Lawlor Events Center just might be the best kept secret in college basketball.
“It’s up there,” said Nevada Wolf Pack forward Caleb Martin, who has played in college basketball entertainment palaces such as North Carolina, North Carolina State, Duke, Notre Dame and Louisville in his career. “I can feel it starting in the warm-ups.”
You could almost feel it throughout Northern Nevada this past Saturday night. That shaking under your feet you might have felt Saturday night wasn’t part of the earthquake swarm that has jostled northern Nevada lately. It was the 11,164 who stuffed themselves into Lawlor’s cement walls to witness and take part in the Wolf Pack’s 74-68 win over the Boise State Broncos.
“Look at the atmosphere,” ESPN announcer Adrian Branch said on the air at the beginning of the broadcast. “You can feel the energy.”
“This place is going crazy,” Branch’s play-by-play partner Steve Quis screamed midway through the second half when a Jordan Caroline 3-pointer gave the Wolf Pack a 50-47 lead.
Forgive the ESPN announcers for sounding a bit like a 4-year-old on Christmas morning. The electric atmosphere, sold-out arena and intensity they felt at Lawlor isn’t something they normally experience outside of Kentucky’s Rupp Arena, Duke’s Cameron Indoor Stadium, North Carolina’s Dean Dome or Kansas’ Allen Fieldhouse.
“Big thanks to all of the Pack fans and students that came out tonight and made Lawlor such an unbelievable atmosphere,” Wolf Pack coach Eric Musselman posted on Twitter around midnight Saturday night after beating Boise.
Athletic director Doug Knuth didn’t wait that long. About a half hour after the game Knuth tweeted, “Thank you Wolf Pack fans. What a night at Lawlor. Great crowd.”
Make no mistake, the crowd — the 11th largest in Lawlor history — didn’t beat Boise State on Saturday. The Wolf Pack is in complete control of the Mountain West this morning at 18-3 overall and 7-0 in conference because a talented, well-coached and determined group of young men wearing its ninth different uniform combination this year pounded out a tough victory.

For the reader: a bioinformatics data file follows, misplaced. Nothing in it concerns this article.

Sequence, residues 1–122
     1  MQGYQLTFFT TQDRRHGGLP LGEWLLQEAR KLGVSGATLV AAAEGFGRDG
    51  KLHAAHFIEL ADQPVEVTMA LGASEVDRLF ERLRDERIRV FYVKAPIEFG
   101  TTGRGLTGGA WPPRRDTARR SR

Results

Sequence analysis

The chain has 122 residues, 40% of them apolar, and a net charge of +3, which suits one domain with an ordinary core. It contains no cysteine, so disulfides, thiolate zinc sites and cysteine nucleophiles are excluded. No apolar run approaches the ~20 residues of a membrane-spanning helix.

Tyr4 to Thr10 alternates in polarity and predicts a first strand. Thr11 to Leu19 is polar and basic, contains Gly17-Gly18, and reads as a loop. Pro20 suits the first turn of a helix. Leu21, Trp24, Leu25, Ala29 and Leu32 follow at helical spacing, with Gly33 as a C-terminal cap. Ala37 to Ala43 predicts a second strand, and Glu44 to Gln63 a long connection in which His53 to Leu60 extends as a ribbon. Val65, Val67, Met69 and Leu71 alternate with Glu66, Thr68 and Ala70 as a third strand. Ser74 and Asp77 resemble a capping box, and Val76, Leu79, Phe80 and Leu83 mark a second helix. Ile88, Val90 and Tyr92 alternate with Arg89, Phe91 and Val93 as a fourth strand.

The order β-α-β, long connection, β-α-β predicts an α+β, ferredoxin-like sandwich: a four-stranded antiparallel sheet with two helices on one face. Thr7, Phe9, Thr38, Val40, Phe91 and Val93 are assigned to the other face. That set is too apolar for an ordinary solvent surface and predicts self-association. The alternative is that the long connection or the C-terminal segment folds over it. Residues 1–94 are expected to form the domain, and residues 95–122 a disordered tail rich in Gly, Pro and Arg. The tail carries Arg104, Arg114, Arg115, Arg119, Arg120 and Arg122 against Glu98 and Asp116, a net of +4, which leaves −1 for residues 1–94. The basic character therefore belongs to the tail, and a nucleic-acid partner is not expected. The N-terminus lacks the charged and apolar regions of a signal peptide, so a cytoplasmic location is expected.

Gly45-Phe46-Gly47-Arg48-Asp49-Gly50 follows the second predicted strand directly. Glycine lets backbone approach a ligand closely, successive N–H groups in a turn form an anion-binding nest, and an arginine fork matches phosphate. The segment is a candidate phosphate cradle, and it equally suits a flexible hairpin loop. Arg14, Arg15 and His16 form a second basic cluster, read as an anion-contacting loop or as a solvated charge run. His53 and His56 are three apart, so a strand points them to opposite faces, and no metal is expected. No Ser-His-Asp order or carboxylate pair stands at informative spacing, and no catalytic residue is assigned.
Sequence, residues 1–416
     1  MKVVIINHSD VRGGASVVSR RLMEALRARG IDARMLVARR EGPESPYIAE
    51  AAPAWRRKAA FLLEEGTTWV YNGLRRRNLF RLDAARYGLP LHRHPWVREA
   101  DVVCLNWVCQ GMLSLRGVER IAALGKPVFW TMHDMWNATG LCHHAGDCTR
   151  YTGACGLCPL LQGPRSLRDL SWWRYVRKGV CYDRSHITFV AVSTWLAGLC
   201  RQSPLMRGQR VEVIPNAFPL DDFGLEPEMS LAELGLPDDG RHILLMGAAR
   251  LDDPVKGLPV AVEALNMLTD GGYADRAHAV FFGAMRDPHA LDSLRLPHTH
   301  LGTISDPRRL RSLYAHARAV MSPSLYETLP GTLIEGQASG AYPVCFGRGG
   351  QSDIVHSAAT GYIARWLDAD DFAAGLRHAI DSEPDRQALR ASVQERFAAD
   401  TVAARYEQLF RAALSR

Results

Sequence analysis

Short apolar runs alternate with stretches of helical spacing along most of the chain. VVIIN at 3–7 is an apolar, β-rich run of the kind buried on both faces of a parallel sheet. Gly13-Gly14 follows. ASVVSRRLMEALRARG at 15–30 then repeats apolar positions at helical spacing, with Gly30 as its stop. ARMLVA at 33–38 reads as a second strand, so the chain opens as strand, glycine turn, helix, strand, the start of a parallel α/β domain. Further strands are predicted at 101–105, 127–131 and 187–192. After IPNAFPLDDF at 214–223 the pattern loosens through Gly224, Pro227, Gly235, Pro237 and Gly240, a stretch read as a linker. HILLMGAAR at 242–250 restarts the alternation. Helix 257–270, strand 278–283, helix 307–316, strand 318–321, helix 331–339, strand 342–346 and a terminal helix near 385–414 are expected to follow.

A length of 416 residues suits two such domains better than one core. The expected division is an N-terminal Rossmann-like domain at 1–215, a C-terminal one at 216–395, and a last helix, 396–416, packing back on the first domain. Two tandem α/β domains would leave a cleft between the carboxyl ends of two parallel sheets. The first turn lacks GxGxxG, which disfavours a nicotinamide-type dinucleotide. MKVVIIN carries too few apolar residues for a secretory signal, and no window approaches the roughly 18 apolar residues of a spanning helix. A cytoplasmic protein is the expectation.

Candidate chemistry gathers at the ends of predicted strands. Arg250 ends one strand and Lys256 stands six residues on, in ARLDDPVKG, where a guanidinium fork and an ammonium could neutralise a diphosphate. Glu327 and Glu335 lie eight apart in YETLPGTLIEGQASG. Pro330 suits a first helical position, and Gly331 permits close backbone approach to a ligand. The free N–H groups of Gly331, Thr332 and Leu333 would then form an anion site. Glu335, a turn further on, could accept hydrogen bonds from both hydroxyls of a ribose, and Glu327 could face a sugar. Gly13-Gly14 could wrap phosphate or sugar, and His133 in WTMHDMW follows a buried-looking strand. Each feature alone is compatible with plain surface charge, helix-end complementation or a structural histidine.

But don’t tell that to Boise State coach Leon Rice. Rice admitted the Lawlor crowd might have played a part in the Wolf Pack victory. Boise trailed just 70-67 with 16 seconds to play and had the ball. Rice called a timeout. Nobody heard him. Boise’s Alex Hobbs, thanks to the long arms of the Pack’s Lindsey Drew and Hallice Cooke, then ended up dribbling the ball off his knee and out of bounds.
“I was trying to take a timeout on that last play when Alex drove,” Rice told the Idaho Statesman after the game. “But it was just so loud the guys couldn’t hear me. The refs can’t give it to you. A player has to call it. But it was so loud.”
It’s a wonder Musselman and Knuth didn’t tweet their appreciation to the crowd at that precise moment.
“Other places I’ve been it was just the student section that was loud,” said Caleb Martin, who came to the Pack last year after playing two seasons at North Carolina State. “But it’s the whole building here. All of the fans are into it as much as the students are.”
Duke has its Cameron Crazies. The Wolf Pack now has its Lawlor Loonies. It’s time the Wolf Pack marketing department honors the Pack’s true Sixth Man and hands out t-shirts with a Wolf Pack logo and a big number 6 on them to each fan who passes through Lawlor’s gates.
“The crowd definitely helps to maintain that energy,” Caroline said. “At one point I was dead tired but the crowd was into it so it kept me going.”
The crowd on Saturday didn’t allow the Wolf Pack to get tired. It didn’t allow Boise State to extend its 12-0 run at the start of the second half and take control of the game. It reminded the Wolf Pack Boise wasn’t going to come to Lawlor and steal a victory, even after the Broncos took a 63-60 lead with 4:38 to play.
“There was a lot of emotion in every play,” said senior Kendall Stephens, who played in front of some of the most intense crowds in the nation with Purdue for three years before coming to the Pack. “Every loose ball and hustle play you could hear the (crowd’s) echo and how loud the gym got. It was a fun environment to play in.”
Lawlor wasn’t always that way. The first year the Pack played at Lawlor in 1983, the team’s average attendance dropped from 5,235 in 1982 to 4,158 in 1983. The Pack didn’t average as many as 7,000 fans a game until 1998 (7,084). The next year (1999) attendance dropped to 4,379. After averaging 8,903 a game in 2007, the end of a four-year NCAA tournament run, attendance fell to 4,628 just four years later (2011) . It was just three seasons ago (2014-2015) Lawlor was as crowded as the Reno-Stead Airport a week after the National Championship Air Races left town. The Wolf Pack’s average attendance for the 2014-15 season was just 5,497. That season completed an eight-season stretch when only two crowds of more than 10,000 fans dared to venture into Lawlor Events Center.